The analysis of the reaction gas was performed in 300 hours from the start of the reaction. In addition, about 5 g of the catalyst was taken out from the reactor immediately after the analysis of the reaction gas and then subjected to the measurement of the ammonia adsorption amount and specific surface area thereof in 300 hours from the start of the reaction.

The results of these are presented in Table 2.

TABLE 2
Adsorbed amount
of ammonia perActivity test
ElapsedSpecific surfacespecific surfaceConversion ratioAcrylonitrileAmmonia
timearea of catalystarea of catalystof propyleneyieldcombustion rate
Catalyst[hour][m2/g][μmol/m2][%][%][%]
Example 1Fluidized bed0780.13
catalyst 1100780.1198.280.62.1
300770.0798.180.71.4
500760.0598.080.71.1
700760.1197.980.52.5
1000770.0598.080.61.0
Example 2Fluidized bed0780.13
catalyst 1100780.1098.280.62.1
300770.0798.180.71.4
500760.0598.080.81.1
700770.2097.880.03.5
1000760.0798.280.71.3
Example 3Fluidized bed0620.05
catalyst 4100620.0398.080.71.2
300620.0297.880.00.8
500630.0598.180.61.4
700630.0597.980.71.8
1000630.0598.080.61.6
ComparativeFluidized bed0620.05
Example 1catalyst 4100620.0498.180.71.3
300620.0297.980.10.9
500620.0197.879.20.5
700610.0198.178.80.3
1000600.0097.978.20.2
ComparativeFluidized bed0780.13
Example 2catalyst 1100780.1098.180.62.2
300760.2898.077.85.3

As can be seen from the results of Table 2, it was possible to produce acrylonitrile while maintaining a high acrylonitrile yield of 80% or more in the case of Examples 1 to 3 in which the vapor phase catalytic ammoxidation reaction was performed while maintaining the adsorbed amount of ammonia per specific surface area (m2/g) of the fluidized bed catalyst during the vapor phase catalytic ammoxidation process in the range of 0.01 to 0.22 μmol/m2. It was possible to produce acrylonitrile while maintaining a higher acrylonitrile yield of 80.5% or more particularly in the case of Example 1 in which the vapor phase catalytic ammoxidation reaction was performed while maintaining the adsorbed amount of ammonia per specific surface area (m2/g) of the fluidized bed catalyst during the reaction in the range of 0.03 to 0.18 μmol/m2.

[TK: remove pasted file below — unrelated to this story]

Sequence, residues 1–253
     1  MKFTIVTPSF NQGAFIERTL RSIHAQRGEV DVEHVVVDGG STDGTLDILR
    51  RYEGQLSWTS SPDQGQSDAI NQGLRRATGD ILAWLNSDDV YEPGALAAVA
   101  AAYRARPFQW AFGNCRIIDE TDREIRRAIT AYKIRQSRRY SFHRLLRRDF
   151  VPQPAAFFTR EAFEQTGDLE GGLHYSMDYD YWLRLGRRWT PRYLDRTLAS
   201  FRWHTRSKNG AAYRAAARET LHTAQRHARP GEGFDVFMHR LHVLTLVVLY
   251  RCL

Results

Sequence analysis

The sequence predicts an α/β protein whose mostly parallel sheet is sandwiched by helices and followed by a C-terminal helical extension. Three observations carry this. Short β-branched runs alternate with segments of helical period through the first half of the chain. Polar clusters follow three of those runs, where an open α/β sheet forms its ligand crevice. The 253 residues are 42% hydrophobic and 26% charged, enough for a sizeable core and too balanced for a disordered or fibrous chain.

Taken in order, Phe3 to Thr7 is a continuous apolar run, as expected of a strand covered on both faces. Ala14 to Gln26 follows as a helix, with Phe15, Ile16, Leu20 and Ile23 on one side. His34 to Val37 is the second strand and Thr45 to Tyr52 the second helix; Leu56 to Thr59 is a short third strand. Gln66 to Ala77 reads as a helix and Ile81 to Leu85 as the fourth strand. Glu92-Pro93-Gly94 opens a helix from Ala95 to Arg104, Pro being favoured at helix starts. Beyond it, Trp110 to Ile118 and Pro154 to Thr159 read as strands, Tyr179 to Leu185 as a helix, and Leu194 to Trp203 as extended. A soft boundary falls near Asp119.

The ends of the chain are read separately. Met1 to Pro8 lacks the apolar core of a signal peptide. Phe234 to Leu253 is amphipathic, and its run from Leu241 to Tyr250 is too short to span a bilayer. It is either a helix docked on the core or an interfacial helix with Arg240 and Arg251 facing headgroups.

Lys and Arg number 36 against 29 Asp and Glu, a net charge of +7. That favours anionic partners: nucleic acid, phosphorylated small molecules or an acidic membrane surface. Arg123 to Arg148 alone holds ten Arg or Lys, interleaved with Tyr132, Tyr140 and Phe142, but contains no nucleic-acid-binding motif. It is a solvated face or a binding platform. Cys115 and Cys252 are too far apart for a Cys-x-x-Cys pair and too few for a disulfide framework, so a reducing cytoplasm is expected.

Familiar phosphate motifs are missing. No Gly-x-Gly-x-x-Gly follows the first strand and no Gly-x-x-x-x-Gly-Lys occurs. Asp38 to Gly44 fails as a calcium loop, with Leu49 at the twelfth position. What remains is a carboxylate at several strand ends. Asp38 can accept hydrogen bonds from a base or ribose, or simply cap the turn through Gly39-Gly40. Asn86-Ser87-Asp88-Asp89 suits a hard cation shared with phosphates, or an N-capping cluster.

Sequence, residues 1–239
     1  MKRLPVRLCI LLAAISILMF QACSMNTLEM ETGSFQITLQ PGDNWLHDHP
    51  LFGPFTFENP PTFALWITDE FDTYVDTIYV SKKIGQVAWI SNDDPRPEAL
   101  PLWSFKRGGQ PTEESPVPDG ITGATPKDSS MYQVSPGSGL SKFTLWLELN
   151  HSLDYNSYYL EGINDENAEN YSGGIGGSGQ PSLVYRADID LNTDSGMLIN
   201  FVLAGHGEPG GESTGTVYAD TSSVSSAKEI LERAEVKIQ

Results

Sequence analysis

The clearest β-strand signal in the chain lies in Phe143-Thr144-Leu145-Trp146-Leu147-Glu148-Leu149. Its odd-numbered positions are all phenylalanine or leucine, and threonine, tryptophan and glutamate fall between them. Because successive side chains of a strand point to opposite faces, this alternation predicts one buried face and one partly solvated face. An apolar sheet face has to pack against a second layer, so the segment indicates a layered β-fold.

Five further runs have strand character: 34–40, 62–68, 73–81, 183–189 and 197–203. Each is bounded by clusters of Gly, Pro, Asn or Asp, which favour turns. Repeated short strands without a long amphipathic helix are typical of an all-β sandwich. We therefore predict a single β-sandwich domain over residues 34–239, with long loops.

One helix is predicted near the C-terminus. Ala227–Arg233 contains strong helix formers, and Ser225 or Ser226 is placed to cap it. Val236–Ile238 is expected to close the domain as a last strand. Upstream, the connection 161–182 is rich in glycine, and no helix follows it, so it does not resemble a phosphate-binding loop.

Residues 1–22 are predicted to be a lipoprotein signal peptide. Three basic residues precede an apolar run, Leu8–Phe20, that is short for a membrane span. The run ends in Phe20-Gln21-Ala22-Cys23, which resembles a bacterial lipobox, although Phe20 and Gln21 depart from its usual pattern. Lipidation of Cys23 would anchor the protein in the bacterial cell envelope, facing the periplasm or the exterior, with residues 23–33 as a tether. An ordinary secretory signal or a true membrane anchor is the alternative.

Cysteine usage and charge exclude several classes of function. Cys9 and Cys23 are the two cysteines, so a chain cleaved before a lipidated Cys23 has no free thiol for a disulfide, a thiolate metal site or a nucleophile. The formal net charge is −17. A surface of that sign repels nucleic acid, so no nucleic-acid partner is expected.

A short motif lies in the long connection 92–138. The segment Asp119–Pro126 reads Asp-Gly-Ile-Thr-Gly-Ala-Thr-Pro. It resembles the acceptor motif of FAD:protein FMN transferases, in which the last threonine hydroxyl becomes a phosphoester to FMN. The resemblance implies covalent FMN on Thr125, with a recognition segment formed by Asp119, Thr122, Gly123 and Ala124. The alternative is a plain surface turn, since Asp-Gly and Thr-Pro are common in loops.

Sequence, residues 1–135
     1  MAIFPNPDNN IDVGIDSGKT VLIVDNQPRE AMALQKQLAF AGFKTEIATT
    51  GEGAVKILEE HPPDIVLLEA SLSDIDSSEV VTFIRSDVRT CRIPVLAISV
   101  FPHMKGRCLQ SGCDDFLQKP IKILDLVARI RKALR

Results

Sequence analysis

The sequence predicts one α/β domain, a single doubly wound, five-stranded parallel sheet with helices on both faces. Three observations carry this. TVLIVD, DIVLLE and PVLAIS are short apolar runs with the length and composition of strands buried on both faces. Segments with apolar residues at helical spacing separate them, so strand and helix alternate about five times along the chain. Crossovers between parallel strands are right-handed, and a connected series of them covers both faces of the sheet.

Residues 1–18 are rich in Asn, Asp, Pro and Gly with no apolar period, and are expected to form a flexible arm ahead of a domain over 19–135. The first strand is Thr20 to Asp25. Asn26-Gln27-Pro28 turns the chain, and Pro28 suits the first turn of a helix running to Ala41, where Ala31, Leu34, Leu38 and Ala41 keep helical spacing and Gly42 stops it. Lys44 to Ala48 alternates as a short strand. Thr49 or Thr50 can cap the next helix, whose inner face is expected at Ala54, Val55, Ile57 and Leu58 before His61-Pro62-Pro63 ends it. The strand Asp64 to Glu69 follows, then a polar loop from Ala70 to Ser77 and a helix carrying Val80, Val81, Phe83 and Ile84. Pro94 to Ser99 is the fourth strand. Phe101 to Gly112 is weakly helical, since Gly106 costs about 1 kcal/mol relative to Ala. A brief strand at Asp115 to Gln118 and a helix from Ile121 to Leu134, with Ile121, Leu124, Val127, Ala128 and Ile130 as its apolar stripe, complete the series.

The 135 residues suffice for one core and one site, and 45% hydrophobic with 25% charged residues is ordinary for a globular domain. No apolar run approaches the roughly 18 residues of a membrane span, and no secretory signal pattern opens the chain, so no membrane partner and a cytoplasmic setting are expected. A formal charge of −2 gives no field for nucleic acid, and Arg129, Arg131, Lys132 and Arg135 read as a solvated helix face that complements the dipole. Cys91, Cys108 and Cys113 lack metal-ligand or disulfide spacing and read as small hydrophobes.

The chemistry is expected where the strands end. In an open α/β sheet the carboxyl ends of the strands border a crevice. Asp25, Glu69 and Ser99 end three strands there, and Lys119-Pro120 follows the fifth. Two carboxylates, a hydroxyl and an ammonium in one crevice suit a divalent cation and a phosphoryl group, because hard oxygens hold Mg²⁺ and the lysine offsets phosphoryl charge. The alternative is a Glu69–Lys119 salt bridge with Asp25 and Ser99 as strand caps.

On the other hand, in the case of Comparative Example 1, the yield of acrylonitrile decreased during the vapor phase catalytic ammoxidation reaction when the adsorbed amount of ammonia per specific surface area (m2/g) of the fluidized bed catalyst during the reaction was less than 0.01 μmol/m2.

In addition, in the case of Comparative Example 2, the yield of acrylonitrile decreased during the vapor phase catalytic ammoxidation reaction when the adsorbed amount of ammonia per specific surface area (m2/g) of the fluidized bed catalyst during the reaction was more than 0.22 μmol/m2.

From these results, the acrylonitrile yield when the ammonia adsorption amount during the vapor phase catalytic ammoxidation process was in the range of 0.01 to 0.22 μmol/m2 was higher than the yield when the ammonia adsorption amount was out of the above range. It was confirmed the relation of the ammonia adsorption amount and the yield of acrylonitrile, namely that a decrease in the yield of acrylonitrile can be effectively suppressed when the ammonia adsorption amount is within the above range.

Consequently, according to the invention, it is possible to suppress a time dependent decrease in the acrylonitrile yield and to stably maintain a high acrylonitrile yield over a long period of time by performing the vapor phase catalytic ammoxidation reaction while maintaining the adsorbed amount of ammonia per specific surface area (m2/g) of the fluidized bed catalyst during the vapor phase catalytic ammoxidation process in the range of 0.01 to 0.22 μmol/m2.